When cannabis is decriminalized, fewer people are arrested and racial disparity in arrests goes down, according to a recent study.
Enforcement of drug laws disproportionately targets communities of colour, despite white people consuming weed at similar rates.
Because of this, the study published in Social Science & Medicine used FBI Uniform Crime Report data from 37 U.S. states from 2000–2019 to show the effect of decriminalizing cannabis. Researchers calculated pot possession arrest rates separately for Black and white people and found decriminalization reduces the racial disparity in arrests.
“These findings suggested that cannabis decriminalization had its intended consequence of reducing arrests and may have potential to reduce racial disparity in arrests at least among adults,” reads the study.
Following decriminalization, arrests for cannabis possession dropped more than 70 per cent among adults, and more than 40 per cent among youths in 11 states, according to the study.
Among adults, decriminalization was linked to a roughly 17 per cent drop in racial disparity between Black and white people when it came arrests.
Arrest rates declined among youth, but there was no evidence for a change in racial disparity in that group, researchers add.
A difference-in-differences method was used to estimate the association between cannabis decriminalization and racial disparity in arrests for cannabis possession among adults and youth.
According to the American Civil Liberties Union, Black people are over three times more likely than white people to be arrested for marijuana possession. Almost 90 per cent of cannabis arrests in the U.S. are for possession only.
Limitations of FBI data
The ACLU notes similar trends as the study in its 2020 report, A Tale of Two Countries: Racially Targeted Arrests in the Era of Marijuana Reform.
The ACLU report uses FBI UCR data from 2010–2018, finding that arrests for marijuana possession fell slightly during that time period in states that have decriminalized but not legalized recreational cannabis.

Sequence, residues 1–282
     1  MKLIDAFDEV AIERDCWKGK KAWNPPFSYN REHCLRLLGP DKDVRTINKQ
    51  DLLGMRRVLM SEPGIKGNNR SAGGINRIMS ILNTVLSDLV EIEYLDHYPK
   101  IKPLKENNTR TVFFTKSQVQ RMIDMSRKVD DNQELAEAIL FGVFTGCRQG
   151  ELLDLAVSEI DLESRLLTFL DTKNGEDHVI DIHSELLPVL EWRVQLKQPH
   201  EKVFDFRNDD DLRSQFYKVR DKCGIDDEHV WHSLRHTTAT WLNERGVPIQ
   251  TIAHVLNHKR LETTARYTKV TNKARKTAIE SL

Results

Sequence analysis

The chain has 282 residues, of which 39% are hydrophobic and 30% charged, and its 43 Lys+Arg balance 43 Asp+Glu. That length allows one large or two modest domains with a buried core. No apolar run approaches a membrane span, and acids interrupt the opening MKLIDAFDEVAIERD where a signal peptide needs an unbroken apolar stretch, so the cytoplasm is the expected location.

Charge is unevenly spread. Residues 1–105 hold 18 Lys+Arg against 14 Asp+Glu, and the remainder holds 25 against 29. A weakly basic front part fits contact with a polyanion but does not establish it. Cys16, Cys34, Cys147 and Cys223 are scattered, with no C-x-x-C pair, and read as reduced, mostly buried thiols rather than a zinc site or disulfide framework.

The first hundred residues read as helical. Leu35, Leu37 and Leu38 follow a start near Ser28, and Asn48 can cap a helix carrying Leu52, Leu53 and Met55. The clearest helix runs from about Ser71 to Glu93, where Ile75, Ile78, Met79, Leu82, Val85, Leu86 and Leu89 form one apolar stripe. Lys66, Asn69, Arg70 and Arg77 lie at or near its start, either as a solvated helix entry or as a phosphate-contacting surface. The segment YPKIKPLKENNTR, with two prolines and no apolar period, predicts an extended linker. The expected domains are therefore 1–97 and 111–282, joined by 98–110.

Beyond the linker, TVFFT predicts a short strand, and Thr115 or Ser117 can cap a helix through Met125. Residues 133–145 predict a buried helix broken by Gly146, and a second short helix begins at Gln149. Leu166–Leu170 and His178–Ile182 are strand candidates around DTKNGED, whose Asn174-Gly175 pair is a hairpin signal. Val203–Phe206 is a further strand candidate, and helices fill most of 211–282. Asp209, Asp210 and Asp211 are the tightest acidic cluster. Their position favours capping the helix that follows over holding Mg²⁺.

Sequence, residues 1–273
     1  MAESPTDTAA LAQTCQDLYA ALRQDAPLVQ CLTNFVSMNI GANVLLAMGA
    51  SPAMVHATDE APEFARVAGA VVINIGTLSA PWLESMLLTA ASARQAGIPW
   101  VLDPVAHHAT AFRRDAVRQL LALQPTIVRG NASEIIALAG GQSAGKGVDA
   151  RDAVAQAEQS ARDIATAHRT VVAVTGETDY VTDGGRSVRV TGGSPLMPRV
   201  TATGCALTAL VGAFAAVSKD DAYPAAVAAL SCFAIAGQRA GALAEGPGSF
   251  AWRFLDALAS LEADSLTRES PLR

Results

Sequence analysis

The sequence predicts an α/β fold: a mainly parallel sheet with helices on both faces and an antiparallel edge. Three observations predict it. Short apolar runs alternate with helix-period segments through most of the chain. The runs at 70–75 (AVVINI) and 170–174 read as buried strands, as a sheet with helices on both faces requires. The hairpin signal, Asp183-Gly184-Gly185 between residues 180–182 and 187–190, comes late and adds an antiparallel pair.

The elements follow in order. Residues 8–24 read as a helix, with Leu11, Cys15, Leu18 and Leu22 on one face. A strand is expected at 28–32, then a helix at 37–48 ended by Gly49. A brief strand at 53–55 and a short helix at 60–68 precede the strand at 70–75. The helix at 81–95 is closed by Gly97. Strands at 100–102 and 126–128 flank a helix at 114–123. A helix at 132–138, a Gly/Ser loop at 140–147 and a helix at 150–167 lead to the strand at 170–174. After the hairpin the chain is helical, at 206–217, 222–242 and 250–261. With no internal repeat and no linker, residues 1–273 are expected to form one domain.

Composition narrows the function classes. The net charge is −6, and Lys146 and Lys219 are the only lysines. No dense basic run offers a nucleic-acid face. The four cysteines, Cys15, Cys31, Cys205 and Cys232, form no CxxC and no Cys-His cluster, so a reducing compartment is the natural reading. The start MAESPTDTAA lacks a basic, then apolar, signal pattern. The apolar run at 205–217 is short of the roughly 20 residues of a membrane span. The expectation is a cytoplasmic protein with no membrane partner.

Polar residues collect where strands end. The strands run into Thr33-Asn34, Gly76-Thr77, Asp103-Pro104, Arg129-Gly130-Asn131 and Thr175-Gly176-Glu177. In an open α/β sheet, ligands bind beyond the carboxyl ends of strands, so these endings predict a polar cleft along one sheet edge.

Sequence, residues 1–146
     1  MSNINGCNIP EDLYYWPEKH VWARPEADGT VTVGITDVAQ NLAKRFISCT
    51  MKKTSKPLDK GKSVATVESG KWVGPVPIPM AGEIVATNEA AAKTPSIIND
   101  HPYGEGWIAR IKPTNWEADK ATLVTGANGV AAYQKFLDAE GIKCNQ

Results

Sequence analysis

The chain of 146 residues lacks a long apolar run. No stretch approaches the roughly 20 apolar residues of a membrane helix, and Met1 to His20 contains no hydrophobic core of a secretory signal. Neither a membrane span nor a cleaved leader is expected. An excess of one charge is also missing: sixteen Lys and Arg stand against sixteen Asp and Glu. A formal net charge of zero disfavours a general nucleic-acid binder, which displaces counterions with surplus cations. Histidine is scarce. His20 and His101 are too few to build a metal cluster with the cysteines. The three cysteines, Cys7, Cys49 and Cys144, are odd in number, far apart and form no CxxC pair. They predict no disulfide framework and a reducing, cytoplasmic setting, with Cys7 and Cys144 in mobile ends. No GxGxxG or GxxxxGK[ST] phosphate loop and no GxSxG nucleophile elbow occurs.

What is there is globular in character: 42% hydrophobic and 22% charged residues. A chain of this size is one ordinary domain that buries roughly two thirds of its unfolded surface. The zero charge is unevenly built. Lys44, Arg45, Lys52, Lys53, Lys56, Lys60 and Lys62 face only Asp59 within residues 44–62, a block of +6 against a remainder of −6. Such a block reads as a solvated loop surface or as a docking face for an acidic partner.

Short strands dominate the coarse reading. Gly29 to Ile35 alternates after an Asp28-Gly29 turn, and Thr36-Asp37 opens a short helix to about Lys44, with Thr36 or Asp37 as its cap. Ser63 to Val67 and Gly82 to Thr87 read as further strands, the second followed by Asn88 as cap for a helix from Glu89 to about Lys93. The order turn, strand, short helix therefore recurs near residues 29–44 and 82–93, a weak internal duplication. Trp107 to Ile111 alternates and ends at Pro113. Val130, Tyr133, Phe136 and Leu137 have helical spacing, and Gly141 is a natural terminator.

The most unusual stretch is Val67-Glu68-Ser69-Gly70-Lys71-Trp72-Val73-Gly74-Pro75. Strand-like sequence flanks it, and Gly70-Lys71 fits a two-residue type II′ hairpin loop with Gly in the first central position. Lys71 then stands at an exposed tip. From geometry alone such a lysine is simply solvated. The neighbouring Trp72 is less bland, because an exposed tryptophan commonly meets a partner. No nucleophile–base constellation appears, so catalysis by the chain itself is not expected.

“However, there is significant variability across states. Marijuana possession arrest rates were approximately eight times higher in decriminalized states than in legalized states, although lower than in states where marijuana possession remained illegal,” the report continues.
“Although the total number of people arrested for marijuana possession, and rates of arrests, have decreased in all legalized states and most decriminalized states for both Black and white people, the racial disparities in arrest rates in these states remain. Specifically, in every state that has legalized or decriminalized marijuana possession, Black people are still more likely to be arrested for possession than white people.”
The ACLU notes the FBI data is the most up-to-date and comprehensive data on arrests nationally but has limitations. The data doesn’t identify Latinx populations as a distinct racial group so potential disparities in arrest rates can’t be examined.
“Arrests of Latinx individuals coded as white in the data likely artificially inflate the number of white arrests, leading to an underestimate of the disparity,” reads the ACLU report.
Other racial groups may be affected by bias in policing and cannabis enforcement, and future research using FBI data is warranted, the organization adds. However, disparities between bi- or multiracial people can’t be examined since the FBI program only allows for an individual to be coded as one race. Arab and Middle Eastern people aren’t included in the data at all.